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Wednesday, 23 October 2002
Page: 5784

Senator FAULKNER (Leader of the Opposition in the Senate) (6:51 PM) —Notwithstanding the very short notice we have been given of the Criminal Code Amendment (Terrorist Organisations) Bill 2002, the opposition have carefully considered the bill, and we will support the bill. We are of the view that the Criminal Code Amendment (Terrorist Organisations) Bill 2002 is uncontroversial and will improve the operation of Australia's antiterrorist laws. As the Senate knows, following the commencement of the Security Legislation Amendment (Terrorism) Act 2002 on 6 July 2002, terrorist organisations can now be proscribed under Australian law by way of regulation.

Before the Governor-General can make a regulation specifying a terrorist organisation, the minister must be satisfied that the organisation is identified in a UN Security Council decision relating wholly or partly to terrorism and that the organisation is directly or indirectly engaged in preparing, planning, assisting in or fostering the doing of a terrorist act. The act stipulates that these regulations take effect after the last day on which they can be disallowed—that is, 15 sitting days after tabling.

The consequences of being proscribed as a terrorist organisation in Australia are severe. If someone directs the activities of, is a member of, recruits for, provides training to or receives training from, receives funds from or gives funds to, or provides support or resources to a listed terrorist organisation, they commit very serious criminal offences, with penalties ranging from 25 to 50 years in prison. The offence occurs whether or not the conduct, or result of the conduct, occurs in Australia. If an organisation is listed, it is deemed to be a terrorist organisation and prosecuting the relating offences is easier. Without a listing, all of the terrorist organisation offences are still in play; however, the prosecutor would have to prove that the organisation was a terrorist organisation rather than rely upon the listing.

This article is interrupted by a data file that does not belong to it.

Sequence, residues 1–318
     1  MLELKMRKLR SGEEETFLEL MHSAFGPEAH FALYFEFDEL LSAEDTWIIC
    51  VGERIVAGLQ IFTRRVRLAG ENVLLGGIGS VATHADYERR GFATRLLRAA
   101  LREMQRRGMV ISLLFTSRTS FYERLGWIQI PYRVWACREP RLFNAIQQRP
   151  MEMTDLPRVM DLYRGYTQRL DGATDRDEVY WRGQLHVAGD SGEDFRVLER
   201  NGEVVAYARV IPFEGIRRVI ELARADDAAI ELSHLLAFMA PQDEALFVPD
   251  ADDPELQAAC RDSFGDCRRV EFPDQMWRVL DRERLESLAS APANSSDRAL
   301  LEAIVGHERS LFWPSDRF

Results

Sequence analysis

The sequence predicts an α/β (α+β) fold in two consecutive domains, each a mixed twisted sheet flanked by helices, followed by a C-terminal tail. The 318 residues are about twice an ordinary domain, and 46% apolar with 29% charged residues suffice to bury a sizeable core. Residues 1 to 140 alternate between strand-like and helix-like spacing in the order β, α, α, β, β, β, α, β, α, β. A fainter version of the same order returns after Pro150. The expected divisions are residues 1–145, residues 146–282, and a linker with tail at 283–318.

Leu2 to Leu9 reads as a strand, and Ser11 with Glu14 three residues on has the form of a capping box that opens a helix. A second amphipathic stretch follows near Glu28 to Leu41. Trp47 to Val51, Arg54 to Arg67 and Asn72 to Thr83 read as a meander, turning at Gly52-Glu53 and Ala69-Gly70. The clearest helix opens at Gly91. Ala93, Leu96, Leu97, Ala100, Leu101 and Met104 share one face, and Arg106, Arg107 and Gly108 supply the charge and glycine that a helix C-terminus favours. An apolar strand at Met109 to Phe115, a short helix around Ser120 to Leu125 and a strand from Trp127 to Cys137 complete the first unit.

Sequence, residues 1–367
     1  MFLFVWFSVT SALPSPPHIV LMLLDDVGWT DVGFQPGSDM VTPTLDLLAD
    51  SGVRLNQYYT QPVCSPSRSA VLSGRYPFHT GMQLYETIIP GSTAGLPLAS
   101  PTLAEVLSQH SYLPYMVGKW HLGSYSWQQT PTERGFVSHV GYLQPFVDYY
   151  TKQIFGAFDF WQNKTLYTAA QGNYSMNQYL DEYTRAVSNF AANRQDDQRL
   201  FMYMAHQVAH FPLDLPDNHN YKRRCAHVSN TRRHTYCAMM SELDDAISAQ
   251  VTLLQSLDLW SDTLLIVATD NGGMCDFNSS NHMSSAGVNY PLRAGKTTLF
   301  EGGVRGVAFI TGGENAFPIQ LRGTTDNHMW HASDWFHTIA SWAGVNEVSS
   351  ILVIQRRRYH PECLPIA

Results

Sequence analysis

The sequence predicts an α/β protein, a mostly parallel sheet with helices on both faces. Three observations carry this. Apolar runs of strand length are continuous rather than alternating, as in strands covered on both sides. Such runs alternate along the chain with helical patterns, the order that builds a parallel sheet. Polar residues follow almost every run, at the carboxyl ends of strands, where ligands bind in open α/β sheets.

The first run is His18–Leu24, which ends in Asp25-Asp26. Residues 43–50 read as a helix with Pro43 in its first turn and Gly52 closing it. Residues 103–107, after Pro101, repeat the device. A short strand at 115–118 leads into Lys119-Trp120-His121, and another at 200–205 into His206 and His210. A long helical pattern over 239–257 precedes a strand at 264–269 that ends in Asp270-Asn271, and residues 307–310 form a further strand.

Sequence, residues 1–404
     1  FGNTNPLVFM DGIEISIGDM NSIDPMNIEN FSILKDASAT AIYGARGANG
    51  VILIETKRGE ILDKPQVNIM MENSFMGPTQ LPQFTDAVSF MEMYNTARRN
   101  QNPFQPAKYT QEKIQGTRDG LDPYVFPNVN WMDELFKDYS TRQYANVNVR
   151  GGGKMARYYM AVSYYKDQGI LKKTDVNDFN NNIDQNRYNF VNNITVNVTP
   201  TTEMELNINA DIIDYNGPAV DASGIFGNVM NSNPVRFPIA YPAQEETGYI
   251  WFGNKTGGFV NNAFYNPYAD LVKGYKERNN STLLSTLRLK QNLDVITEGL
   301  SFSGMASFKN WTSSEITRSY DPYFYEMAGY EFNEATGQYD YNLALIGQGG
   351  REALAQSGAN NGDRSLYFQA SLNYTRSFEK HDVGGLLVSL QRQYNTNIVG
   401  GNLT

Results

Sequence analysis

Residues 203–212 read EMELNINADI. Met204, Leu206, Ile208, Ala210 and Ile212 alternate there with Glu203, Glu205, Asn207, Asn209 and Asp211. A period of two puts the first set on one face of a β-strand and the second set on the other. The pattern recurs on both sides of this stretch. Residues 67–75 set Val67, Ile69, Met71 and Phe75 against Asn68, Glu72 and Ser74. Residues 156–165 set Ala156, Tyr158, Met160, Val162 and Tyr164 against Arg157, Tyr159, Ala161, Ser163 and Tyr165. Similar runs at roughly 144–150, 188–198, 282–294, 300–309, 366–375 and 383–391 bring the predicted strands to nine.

The first regulation made under this legislation was made on Monday, 21 October this year—that is, the sitting day after the Attorney-General was asked a question in the House of Representatives about listing al-Qaeda. The 21 October 2002 regulation listed al-Qaeda and seven related terrorist organisations that had been listed by the Security Council. Under the legislation as it currently stands, the regulation to ban al-Qaeda would not take effect until the end of the disallowance period. This means al-Qaeda would not become a listed terrorist organisation in Australia until 13 December 2002—that is, 15 sitting days after tabling.

The Australian government has asked the Security Council to as a matter of urgency list Jemaah Islamiah as a terrorist organisation. As everyone would know, this is the organisation suspected of being responsible for the Bali bombings and other terrorist violence in South-East Asia. Under the legislation as it currently stands, even if the Security Council listed Jemaah Islamiah today and the consequential regulations were made immediately, the organisation could not be proscribed in Australia until the end of the second sitting day in 2003.

The Criminal Code Amendment (Terrorist Organisations) Bill 2002 will rectify this situation and ensure that regulations relating to the listing of terrorist organisations come into effect in the normal way, namely upon tabling. Specifically, this bill will remove the provisions of the current act preventing terrorist organisation regulations coming into operation straightaway and ensure that the regulations made on 21 October 2002 proscribing al-Qaeda and related organisations come into effect on that date—in other words, do not have to wait until the end of the disallowance period.

The opposition consider that this bill is consistent with the clear and balanced principles insisted upon when the package of security legislation was debated and considered at some length in this chamber earlier this year. We believe that the bill before the Senate is sensible and an improvement and, accordingly, the opposition support it.